TORONTO -- North American markets rose on Thursday, as Canada's main stock index benefited from higher crude oil prices and continued strong earnings reports for the second quarter of 2021.

Kevin Headland, senior investment strategist at Manulife Investment Management, said the dog days of summer have brought expected choppiness to North American markets, but a positive economic backdrop has kept equity markets moving in a positive direction.

"The market is reacting to positive earnings, which have been very strong despite elevated expectations ... and markets are responding to that daily news on a daily basis" said Headland.

He added that the market seemed to brush off a U.S. private-sector jobs report that came in well under expectations with an addition of 330,000 jobs in July.

The S&P/TSX composite index gained 45.75 points at 20,375.48.

In New York, the Dow Jones industrial average was up 271.58 points at 35,064.25. The S&P 500 index was up 26.44 points at 4,429.10, while the Nasdaq composite was up 114.59 points at 14,895.12.

Headland noted that the market seemed to brush off a U.S. private-sector jobs report that came in well under expectations with an addition of 330,000 jobs in July.

Rebounding oil prices helped lift the TSX today, with the September crude oil contract up 94 cents at US$69.09 per barrel after dipping as low as US$67.75 on Wednesday. The TSX energy index was up 1.13 per cent to 121.56 points as a result.

The Canadian dollar was also back above 80 cents US, trading for 80.02 cents US compared with 79.71 cents US on Wednesday.

Headland said he expects the price of oil to follow the same lead as equity markets, by exhibiting some shakiness but continuing on an upward trend.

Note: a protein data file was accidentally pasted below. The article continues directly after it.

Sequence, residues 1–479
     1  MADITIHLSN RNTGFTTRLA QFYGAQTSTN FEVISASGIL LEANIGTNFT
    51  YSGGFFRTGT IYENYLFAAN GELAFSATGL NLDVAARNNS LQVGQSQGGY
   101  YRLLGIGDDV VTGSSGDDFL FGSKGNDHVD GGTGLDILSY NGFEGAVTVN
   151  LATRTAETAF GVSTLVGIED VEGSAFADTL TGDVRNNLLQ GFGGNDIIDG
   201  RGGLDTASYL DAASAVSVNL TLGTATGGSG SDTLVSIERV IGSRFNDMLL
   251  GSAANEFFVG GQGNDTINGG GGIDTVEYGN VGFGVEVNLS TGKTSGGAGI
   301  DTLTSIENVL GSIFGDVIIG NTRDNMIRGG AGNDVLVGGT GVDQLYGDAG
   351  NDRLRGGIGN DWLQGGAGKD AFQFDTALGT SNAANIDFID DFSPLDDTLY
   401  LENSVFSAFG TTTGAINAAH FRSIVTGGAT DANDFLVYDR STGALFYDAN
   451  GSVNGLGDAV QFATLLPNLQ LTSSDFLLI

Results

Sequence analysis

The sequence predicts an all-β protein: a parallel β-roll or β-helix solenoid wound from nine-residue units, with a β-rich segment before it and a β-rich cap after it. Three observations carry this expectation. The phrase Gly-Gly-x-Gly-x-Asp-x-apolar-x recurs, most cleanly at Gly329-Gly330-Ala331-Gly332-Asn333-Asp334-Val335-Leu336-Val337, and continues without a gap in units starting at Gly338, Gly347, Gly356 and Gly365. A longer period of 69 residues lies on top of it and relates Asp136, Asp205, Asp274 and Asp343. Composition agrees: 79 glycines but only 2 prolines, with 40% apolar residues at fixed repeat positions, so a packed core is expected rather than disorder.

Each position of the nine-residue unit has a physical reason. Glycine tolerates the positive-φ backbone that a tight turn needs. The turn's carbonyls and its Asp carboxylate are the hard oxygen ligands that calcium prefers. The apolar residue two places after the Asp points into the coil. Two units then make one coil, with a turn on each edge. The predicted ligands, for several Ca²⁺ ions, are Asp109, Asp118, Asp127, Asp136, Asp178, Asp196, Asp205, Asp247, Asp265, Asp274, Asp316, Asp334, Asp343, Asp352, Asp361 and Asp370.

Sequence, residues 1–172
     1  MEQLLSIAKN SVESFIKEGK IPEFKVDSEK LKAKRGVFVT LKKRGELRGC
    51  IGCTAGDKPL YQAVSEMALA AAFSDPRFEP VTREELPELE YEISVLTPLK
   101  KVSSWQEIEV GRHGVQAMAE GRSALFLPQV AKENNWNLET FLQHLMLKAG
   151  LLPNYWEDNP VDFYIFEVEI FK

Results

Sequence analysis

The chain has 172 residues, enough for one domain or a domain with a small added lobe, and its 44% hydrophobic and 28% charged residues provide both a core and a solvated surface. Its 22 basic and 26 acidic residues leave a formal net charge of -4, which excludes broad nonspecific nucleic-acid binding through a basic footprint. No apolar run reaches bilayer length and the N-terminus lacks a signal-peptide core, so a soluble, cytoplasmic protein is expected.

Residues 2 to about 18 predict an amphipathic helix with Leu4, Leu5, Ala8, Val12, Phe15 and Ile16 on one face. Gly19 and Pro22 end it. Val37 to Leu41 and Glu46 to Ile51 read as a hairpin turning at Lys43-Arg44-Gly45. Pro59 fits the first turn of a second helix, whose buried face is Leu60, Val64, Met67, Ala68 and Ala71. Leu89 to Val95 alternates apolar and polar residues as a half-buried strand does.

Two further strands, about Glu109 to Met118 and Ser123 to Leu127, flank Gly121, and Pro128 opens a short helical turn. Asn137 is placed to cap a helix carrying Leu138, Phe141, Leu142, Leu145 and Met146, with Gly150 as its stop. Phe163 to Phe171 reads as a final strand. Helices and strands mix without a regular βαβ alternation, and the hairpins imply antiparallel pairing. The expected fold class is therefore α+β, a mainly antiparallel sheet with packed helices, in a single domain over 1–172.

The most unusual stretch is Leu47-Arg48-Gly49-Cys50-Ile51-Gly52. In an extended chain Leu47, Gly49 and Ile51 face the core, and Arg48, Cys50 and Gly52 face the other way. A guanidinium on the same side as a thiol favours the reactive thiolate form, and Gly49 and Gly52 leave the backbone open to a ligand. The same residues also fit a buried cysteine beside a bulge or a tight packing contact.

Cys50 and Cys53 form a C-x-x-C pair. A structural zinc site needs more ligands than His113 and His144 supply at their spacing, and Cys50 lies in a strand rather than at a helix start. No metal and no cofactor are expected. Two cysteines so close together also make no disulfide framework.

That belief is rooted in the fact that rising COVID cases may be affecting the pace of economic re-openings, but that things will continue to improve.

"The economy is going strong despite the Delta-plus variant," said Headland. "We believe things are getting incrementally better and not worse."

An overall positive day on the TSX was otherwise hampered by the gold subindex, which dropped 2.13 per cent to 302.25 points, and the materials subindex that includes mining and resources companies, which dropped 1.36 per cent to 318.93 points.

The December gold contract was down US$5.60 at US$1,808.90 an ounce and the September copper contract was up nearly 16 cents at nearly US$4.35 a pound.

Headland said he would expect gold to be performing much stronger in the current market environment as a hedge to inflation, and said the price of an ounce should be closer to US$2000. However, he pointed out that there are other inflation hedges available, such as crypto currencies which have performed relatively well over the last week.

Looking ahead, Headland said the biggest news will be coming Friday with jobs report in both the U.S. and Canada. The U.S. will be releasing non-farm payroll numbers, while Statistics Canada releases July employment numbers.

He said there is an expectation that the numbers in the U.S. will come out strong, but said it wouldn't necessarily be a bad thing if the numbers don't match targets.

That's because it could give the U.S. Federal Reserve reason to extend stimulus, which could be seen as positive by equity markets.

"It all depends on the reaction and the news flow and the point of view from the Federal Reserve on the data coming out," said Headland.

This report by The Canadian Press was first published Aug. 5, 2021.